Anchor and mooring sustainably

Sustainable anchoring and mooring best practice guides are now critical to aid our understanding of what lies below, and often unseen. 

With an inspiring new wave of sustainable action on the water, boat owners and operators are being encouraged to explore new ways of anchoring and mooring in order to help protect vital ocean environments, such as seagrass beds.

Traditional means of anchor can impact the seabed in a number of ways:

  • Direct impact to seagrass fronds and roots as the anchor embeds into the seabed.
  • As the anchor drags it can uproot seagrass.
  • Anchor, or mooring chains can scrape the seabed as they pivot on the changing tide and wind, continually abrading the seabed.  

Safety at sea can never be compromised, however, it is now more important than ever to share new ideas and research among the boating community, both for temporary anchoring, and traditional fixed mooring systems, in order to evolve new and innovative ways to be sustainable on the water. 

So why is seagrass so important?

Seagrass is quite literally, the lungs of the ocean. Seagrass captures carbon up to 35 times faster than tropical rainforests and, even though it only covers 0.2% of the seafloor, it absorbs 10% of the ocean’s carbon each year. They are also vital breeding and nursery grounds for many fish that make up a large portion of the world’s biggest fisheries. Seagrass can also help to anchor sediment to help lessen the effects of coastal erosion and also provides a source of nutrients for oceanic animals that feed on it. So it’s pretty incredible stuff!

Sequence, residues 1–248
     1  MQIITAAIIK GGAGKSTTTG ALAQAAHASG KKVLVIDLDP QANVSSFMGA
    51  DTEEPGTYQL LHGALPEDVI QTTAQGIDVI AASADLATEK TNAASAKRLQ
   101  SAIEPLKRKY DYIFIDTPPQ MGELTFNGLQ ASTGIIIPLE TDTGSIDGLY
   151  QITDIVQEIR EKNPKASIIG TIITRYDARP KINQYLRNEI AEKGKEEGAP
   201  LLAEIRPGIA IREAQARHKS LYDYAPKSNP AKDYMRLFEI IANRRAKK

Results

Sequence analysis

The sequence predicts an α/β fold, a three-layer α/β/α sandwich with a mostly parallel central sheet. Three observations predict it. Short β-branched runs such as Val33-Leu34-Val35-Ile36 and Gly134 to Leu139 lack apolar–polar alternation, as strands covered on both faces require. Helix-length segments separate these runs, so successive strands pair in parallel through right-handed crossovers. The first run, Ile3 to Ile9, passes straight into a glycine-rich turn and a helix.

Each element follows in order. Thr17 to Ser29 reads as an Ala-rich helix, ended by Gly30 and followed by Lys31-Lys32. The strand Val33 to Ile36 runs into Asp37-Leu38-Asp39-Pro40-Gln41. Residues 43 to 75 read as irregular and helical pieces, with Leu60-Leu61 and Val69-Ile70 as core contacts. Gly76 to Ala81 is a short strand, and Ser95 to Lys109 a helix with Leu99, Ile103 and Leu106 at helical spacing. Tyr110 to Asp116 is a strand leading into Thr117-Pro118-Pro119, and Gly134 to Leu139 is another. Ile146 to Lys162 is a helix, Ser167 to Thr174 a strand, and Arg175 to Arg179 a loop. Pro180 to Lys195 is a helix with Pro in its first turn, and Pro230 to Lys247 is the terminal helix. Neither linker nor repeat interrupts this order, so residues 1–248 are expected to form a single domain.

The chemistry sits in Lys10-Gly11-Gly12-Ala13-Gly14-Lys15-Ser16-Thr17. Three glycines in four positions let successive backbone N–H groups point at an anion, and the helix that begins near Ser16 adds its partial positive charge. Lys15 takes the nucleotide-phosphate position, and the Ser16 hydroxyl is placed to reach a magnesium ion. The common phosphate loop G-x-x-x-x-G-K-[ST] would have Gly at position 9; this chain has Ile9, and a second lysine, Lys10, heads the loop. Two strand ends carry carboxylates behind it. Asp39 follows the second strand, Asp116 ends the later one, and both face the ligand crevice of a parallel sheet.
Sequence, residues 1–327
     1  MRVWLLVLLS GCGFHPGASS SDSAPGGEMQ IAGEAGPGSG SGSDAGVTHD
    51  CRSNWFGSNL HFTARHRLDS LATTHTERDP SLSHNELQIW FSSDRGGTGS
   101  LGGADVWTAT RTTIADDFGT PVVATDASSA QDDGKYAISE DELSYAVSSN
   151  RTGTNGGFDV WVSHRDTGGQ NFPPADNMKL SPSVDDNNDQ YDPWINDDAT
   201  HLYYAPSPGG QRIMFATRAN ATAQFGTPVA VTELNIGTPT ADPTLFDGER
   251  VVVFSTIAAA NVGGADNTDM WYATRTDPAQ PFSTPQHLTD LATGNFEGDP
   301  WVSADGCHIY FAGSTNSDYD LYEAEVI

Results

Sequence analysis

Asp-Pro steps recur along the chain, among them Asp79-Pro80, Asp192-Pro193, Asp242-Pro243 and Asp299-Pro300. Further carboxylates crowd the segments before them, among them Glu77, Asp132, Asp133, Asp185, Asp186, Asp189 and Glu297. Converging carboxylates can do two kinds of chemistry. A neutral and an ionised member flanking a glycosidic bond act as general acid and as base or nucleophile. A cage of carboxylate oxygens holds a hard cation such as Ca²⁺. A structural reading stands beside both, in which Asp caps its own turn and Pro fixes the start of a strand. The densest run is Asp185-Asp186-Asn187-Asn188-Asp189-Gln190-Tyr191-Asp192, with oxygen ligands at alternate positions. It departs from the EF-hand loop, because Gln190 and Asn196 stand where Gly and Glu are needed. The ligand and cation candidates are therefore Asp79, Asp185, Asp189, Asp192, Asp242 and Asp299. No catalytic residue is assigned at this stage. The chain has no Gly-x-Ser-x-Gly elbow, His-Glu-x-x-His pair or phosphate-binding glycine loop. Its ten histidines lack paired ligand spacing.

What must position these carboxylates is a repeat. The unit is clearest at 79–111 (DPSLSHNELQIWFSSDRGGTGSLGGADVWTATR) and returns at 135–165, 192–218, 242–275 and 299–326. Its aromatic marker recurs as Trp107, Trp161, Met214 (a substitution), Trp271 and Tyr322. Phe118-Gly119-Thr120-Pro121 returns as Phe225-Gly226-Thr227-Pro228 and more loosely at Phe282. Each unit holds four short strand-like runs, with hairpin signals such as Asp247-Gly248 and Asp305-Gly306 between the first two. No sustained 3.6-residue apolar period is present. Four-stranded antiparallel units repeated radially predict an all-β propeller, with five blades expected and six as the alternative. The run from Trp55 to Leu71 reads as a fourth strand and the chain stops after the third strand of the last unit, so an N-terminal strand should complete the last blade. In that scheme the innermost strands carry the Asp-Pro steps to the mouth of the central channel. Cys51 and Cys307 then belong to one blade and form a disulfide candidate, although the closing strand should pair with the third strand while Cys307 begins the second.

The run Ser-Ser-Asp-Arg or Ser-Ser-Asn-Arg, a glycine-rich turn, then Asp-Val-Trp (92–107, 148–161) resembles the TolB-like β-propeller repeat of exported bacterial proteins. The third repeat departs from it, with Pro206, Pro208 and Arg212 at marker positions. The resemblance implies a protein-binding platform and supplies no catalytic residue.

How to eco anchor with care.

There is a huge effort in process with a number of organisations to produce Advanced Mooring Systems (AMS) as part of a four year LIFE Recreation ReMEDIES project to help monitor how seagrass can recover. 

These systems include:

  • AMS with elastic rode and helical screw on a concrete block, to retract the rode for less impact with the seabed.
  • AMS with chain floats and a helical screw on a concrete block – the chain is lifted at numerous points to lessen impact with changing tide levels.

Such moorings are not legislatively compulsory, yet, but are being trialled in numerous sites across the Southwest. 

You can download the LIFE Recreation ReMEDIES information pack for advanced mooring systems for harbour authorities by clicking here


When you are sailing, there are some easy steps to follow to be more ocean mindful when mooring;

  • Check The Green Blue Anchoring with care guide for information on where protected seabed areas are situated.
  • Choose to anchor away from sensitive seabed habitats.
  • Choose an existing mooring over anchoring where possible.
  • Choose the correct anchor for the type of seabed to avoid drag.
  • Target bare sand away from seagrass beds.
  • Share the knowledge of these incredible habitats, and the locations with fellow boaters. 

The choice to moor and anchor sustainably is just one of the ways we can help restore the ocean. 

The choice to implement clean technology into our boats is another. 

As with the mooring schemes, small steps can have huge cumulative affect in a very short time frame, whether it’s anchoring or cleaner motoring, and whether you are on land or at sea. The choices we make now will mean benefits for all later. 

If you’d like to talk to us about our anchors and how we use them, or if you are thinking about Sailing Electric, or if you’d just like more information on sustainable boating then please just send us a message!